Brisbane Heat bank on ‘once-in-a-generation’ Harris to counter Perry threat in final

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Brisbane Heat are hoping an unshackled Grace Harris will help them deny Sydney Sixers a third straight Women’s Big Bash League title. The two teams enter Saturday’s season climax with one win apiece from their two encounters in the regular season, but the Heat will draw inspiration from their 66-run victory over the defending champions, a match in which they bowled the Sixers out for 88.
While Harris made 20 in that match, she has at times provided valuable top-order firepower for the Heat alongside Beth Mooney, including setting a WBBL record with a 42-ball century in Brisbane’s win over Melbourne Stars in December. There were some fears she had picked up a niggle in last weekend’s semi-final against Sydney Thunder, but Heat captain Kirby Short was confident the allrounder would be fit to play in the final.
“She’s actually the fittest she’s ever been, so part of the reason she’s launched onto the scene this year with both bat and ball is that she’s in the best physical condition that she’s been in,” Short said. “And that makes a big difference in the capacity she’s been able to perform in both facets of the game so she’s actually been travelling well, which is why we feel pretty good about tomorrow.”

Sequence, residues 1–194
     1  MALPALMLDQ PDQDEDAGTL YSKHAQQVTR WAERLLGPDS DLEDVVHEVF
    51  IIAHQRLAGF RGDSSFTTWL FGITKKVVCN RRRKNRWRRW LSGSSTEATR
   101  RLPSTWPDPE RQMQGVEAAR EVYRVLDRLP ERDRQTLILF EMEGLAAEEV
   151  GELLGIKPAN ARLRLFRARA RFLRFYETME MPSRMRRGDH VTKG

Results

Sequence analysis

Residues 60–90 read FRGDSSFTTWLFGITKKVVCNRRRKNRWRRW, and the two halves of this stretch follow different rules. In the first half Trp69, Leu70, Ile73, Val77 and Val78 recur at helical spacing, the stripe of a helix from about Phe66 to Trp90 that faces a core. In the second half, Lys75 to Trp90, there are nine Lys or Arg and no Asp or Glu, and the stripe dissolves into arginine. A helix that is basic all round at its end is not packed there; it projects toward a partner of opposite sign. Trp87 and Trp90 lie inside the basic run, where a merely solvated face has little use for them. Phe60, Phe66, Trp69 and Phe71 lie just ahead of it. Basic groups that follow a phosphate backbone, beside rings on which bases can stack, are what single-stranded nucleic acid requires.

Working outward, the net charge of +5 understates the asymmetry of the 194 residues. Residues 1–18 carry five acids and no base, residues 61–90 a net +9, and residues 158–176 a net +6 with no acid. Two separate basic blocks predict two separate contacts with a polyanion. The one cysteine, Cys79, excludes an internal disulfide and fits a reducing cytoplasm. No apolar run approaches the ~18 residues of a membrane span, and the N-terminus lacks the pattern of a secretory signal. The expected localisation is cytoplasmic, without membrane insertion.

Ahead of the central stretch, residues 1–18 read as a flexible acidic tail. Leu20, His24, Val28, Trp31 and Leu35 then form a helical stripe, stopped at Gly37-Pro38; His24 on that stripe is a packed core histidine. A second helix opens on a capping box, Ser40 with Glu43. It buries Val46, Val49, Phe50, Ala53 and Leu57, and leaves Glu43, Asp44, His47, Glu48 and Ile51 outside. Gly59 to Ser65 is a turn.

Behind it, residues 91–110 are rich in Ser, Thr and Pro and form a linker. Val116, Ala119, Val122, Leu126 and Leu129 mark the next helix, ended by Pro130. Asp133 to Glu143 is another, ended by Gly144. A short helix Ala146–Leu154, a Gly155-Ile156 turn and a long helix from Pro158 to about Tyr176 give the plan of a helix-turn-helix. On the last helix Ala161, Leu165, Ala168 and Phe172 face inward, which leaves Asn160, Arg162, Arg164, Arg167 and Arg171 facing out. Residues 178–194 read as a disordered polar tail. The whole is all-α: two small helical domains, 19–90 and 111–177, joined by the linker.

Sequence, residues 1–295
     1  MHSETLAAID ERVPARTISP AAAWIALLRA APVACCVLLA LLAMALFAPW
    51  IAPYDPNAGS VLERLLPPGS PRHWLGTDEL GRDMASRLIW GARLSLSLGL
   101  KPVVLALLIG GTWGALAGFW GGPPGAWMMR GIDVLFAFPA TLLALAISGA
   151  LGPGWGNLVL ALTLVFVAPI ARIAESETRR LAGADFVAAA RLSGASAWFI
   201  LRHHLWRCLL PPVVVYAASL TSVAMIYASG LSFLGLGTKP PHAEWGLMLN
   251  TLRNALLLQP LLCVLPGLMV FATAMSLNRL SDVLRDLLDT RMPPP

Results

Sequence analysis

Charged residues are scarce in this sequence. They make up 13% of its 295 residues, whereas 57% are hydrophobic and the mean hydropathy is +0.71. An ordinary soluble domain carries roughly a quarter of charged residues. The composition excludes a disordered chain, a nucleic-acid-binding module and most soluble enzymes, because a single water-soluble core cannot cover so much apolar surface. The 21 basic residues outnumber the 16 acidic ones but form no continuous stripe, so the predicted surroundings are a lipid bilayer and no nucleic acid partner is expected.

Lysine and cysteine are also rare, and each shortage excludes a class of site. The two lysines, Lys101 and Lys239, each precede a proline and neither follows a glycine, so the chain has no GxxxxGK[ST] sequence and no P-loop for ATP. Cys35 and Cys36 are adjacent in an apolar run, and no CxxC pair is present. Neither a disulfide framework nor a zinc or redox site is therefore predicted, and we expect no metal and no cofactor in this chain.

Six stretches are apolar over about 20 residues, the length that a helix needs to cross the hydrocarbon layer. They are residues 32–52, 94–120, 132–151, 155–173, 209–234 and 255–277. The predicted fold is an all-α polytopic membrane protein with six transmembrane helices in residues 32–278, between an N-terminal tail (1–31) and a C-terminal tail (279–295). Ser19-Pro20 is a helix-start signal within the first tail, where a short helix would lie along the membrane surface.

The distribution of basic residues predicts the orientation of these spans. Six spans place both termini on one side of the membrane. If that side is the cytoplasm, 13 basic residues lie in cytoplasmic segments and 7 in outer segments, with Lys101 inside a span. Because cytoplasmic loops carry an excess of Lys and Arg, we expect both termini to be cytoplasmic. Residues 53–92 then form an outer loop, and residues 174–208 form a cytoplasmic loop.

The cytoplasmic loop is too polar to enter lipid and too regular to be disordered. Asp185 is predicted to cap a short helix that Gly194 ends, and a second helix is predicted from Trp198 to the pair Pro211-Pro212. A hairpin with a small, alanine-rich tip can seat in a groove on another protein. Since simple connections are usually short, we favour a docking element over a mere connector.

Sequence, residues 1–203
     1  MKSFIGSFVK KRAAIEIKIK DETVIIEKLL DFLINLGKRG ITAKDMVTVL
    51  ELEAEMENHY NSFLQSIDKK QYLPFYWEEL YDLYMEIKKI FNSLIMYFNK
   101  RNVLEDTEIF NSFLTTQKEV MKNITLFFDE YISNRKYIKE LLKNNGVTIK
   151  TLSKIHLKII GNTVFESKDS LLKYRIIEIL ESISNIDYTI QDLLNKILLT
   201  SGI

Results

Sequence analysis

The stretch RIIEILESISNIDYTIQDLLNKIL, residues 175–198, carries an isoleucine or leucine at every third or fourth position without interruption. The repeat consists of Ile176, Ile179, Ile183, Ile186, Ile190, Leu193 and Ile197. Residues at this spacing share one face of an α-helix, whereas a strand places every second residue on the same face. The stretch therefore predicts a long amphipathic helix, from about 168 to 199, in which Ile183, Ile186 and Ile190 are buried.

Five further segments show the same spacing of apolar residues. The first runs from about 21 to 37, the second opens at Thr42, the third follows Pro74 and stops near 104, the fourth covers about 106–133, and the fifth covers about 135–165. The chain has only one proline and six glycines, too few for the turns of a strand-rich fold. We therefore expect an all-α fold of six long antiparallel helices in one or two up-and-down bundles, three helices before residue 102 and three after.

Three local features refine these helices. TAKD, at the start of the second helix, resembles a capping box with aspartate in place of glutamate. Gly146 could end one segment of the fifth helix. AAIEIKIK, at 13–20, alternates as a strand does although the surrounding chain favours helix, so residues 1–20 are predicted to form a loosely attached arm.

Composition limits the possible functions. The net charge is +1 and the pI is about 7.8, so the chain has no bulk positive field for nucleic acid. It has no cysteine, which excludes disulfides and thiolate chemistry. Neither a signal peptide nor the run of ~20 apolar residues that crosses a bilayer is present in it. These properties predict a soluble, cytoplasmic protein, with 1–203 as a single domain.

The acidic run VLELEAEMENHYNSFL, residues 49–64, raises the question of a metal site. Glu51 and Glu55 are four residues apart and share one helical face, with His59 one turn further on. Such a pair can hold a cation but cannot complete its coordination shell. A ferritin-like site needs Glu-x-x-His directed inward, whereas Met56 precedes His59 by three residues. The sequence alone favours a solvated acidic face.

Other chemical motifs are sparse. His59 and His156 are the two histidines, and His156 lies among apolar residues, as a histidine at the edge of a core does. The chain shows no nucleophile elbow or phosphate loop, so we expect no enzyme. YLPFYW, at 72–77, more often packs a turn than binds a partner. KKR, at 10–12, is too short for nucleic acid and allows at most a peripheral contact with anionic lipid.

While Harris’ strike-rate of 150.40 is one of the best in the WBBL, she has also taken 13 wickets at an average of 19.07 and a team best economy rate of 5.90.
Finalists penalised for slow over-rate
Cricket Australia has warned both Brisbane Heat and Sydney Sixers for maintaining slow over-rates in their semi-final encounters.
The Heat, playing Sydney Thunder, and the Sixers, up against Melbourne Renegades, were both found to be six minutes behind the scheduled completion time for their 20 overs, which meant that they were each an over short.
“Grace is a once-in-a-generation type of player for a lot of reasons,” Short said. “We talk about her being our team ‘crazy’ in the most loving way possible, in the sense that she can do things with bat and ball that essentially no woman can do in the world in cricket and part of that is her mind set.
“And she plays with such freedom and that carefree attitude, and the hundred she scored at the Gabba was – her sister actually raised in a meeting that we had the other day – just talking about how much she was genuinely just loving doing it. And I think if you just let the shackles off and just set her free what happens, happens.”
One of Harris’ challenges could be to contain the WBBL’s leading run-scorer, Ellyse Perry, the Sixers captain who has amassed 744 runs at an astonishing average of 93.00.
After the Sixers’ claimed a thrilling Super Over win over Melbourne Renegades in their semi-final, Perry said it was important for the players to put aside any lingering emotion from the victory.